Sharon Gilad and Nissim Cohen
Studies of the Israeli public sector point to the vast influence of the Ministry of Finance (MOF) across multiple policy domains. This chapter combines bureaucratic politics research and the notion of veto players to theorize a two-tiered power game between bureaucratic and political players. It argues that the policy influence of bureaucracies is shaped by stable institutional factors and by the extent to which powerful politicians are inclined to intervene. In Israel, legal provisions vest the MOF with an institutional advantage over other bureaus and their ministers. Yet the MOF’s ability to exploit its advantaged position is contingent upon the joint propensity of the prime minister (PM) and the finance minister (FM) to forgo intervention. The chapter associates the PM’s and FM’s inclination to support the MOF with their political motivation to maintain their grip on the agenda of an increasingly fragmented coalition government. Thus, the MOF’s supremacy is reliant upon, and underpins, political power.
This chapter examines The Power Elite, a radical work by C. Wright Mills that challenges the foundations of US liberal democracy and analyses the conditions under which democratic pluralism in the country can be reversed. Focusing on the theory of divided and united elites in relation to the system of checks and balances, Mills argues that the emergence of a power elite in the United States after 1945 necessitates a reevaluation of the foundations of democratic pluralism due to the significant changes in the competition for power and alternation in office at different levels of government. He also contends that members of only three elite groups had access to positions of national power: the “corporate rich,” the “warlords,” and the members of the “political directorate.” This chapter considers the rise and the fall of the elite model by assessing the four strands of Mills’s thought, one of which concerns the formation of state elites as the “true” power elite.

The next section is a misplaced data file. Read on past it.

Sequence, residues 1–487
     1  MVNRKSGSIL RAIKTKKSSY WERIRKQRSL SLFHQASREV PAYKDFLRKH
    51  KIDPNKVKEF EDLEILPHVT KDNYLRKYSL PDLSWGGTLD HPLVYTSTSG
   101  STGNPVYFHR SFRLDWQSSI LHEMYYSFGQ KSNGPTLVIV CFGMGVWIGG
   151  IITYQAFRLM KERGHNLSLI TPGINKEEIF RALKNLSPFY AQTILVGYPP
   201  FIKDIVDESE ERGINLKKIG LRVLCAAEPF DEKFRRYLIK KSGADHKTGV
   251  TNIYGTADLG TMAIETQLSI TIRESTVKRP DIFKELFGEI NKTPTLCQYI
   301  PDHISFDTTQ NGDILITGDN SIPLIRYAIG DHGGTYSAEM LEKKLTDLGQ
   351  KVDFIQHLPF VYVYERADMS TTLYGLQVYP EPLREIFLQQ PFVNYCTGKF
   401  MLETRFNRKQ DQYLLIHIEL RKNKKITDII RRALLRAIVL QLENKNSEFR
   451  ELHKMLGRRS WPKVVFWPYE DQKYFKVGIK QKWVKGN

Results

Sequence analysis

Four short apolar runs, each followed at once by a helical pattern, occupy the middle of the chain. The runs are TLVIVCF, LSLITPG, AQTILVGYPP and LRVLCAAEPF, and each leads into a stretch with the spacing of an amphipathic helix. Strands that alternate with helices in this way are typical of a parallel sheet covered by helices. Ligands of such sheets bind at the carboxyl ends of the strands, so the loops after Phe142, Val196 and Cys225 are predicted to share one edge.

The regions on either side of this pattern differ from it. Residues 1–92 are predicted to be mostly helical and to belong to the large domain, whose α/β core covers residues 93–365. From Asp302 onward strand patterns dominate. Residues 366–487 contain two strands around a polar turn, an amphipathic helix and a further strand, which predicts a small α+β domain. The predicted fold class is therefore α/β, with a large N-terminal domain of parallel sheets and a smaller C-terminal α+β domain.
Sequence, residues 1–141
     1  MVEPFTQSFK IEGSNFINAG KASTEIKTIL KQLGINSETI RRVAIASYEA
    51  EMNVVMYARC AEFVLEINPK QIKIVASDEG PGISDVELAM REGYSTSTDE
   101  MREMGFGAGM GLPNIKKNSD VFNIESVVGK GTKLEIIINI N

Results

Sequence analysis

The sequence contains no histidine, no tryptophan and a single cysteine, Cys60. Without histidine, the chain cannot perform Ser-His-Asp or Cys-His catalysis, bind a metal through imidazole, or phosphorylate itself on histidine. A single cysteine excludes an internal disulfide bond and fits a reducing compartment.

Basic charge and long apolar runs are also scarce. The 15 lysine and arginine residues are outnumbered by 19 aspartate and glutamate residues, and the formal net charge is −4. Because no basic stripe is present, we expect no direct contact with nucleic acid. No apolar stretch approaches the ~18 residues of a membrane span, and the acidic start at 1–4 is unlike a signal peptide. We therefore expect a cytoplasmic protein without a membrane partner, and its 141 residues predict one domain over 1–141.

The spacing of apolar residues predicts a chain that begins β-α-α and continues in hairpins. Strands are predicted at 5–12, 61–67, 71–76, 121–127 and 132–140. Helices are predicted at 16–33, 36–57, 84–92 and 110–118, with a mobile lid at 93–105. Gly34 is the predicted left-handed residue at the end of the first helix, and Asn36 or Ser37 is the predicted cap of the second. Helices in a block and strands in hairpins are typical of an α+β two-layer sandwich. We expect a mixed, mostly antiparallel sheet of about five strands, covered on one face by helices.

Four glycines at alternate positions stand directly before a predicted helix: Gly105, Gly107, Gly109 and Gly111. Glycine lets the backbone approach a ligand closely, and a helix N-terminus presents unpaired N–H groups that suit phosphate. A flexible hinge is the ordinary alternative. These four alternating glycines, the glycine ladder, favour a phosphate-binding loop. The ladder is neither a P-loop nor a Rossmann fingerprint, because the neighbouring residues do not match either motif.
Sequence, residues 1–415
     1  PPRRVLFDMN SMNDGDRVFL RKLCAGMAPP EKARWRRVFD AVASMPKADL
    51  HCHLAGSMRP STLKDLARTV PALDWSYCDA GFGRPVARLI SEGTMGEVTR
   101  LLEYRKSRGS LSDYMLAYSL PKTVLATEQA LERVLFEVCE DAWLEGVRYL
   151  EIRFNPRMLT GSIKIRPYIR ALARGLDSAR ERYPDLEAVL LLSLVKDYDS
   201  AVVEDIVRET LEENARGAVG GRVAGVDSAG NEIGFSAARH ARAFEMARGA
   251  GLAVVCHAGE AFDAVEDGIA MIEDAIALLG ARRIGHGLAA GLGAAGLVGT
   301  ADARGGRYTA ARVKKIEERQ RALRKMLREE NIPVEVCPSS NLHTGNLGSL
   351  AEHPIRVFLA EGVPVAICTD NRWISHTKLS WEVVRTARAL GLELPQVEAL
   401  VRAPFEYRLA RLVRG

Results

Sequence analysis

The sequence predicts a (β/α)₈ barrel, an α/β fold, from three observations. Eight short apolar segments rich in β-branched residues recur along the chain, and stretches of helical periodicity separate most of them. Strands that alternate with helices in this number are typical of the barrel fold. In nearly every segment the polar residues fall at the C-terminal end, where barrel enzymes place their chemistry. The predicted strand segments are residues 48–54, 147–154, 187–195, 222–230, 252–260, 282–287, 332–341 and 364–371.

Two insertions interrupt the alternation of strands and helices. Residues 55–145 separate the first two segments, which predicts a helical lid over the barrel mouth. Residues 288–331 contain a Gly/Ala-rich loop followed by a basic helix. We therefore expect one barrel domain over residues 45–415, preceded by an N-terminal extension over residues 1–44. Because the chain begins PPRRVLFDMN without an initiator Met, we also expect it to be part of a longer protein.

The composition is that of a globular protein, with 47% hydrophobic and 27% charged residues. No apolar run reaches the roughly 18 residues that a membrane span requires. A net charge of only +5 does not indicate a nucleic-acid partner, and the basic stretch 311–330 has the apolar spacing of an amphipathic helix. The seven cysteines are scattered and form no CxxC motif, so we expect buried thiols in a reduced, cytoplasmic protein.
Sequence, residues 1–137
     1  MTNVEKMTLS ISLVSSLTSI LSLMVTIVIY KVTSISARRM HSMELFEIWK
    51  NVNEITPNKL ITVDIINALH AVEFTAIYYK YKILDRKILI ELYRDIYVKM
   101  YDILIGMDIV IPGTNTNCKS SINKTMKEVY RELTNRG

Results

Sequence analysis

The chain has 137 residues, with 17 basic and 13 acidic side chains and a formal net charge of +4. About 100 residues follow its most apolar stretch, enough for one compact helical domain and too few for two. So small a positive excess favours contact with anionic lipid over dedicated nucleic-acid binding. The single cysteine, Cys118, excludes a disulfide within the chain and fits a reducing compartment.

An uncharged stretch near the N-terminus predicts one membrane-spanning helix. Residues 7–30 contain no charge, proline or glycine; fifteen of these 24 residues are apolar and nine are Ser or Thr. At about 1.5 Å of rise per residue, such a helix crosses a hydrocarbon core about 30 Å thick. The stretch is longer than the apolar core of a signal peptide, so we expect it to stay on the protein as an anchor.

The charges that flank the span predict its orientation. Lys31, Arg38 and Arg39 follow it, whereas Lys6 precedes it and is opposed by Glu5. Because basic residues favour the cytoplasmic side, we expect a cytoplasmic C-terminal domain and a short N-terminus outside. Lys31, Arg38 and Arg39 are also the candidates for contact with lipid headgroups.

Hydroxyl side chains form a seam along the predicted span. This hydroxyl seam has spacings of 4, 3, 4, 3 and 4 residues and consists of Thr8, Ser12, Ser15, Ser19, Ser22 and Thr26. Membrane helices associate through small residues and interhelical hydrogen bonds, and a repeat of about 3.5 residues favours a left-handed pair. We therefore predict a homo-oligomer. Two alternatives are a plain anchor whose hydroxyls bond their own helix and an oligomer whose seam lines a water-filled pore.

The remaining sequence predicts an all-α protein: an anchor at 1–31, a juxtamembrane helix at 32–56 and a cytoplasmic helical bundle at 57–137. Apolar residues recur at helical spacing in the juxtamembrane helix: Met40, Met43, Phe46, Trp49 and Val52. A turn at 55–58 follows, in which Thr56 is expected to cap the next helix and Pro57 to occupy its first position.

This chapter deals with the internal decision-making process of political executives in parliamentary systems, that is, how executives take their own collective decisions. The focus is on the cabinet system as a whole, including both cabinet members and other involved party-political and bureaucratic actors. In particular, the chapter reviews literature’s debates about the nature of cabinet government, the role of prime ministers, and variations of decision-making. A special attention is payed to factors explaining intra-cabinet power distribution and the choice of different decision-making arenas. After introducing the topic, an overview of conceptual issues and main research questions is provided. Subsequently, the work discusses the way in which scholars have addressed these issues and the findings they have reached. The final part stresses existing deficits and seeks to set the agenda for future research.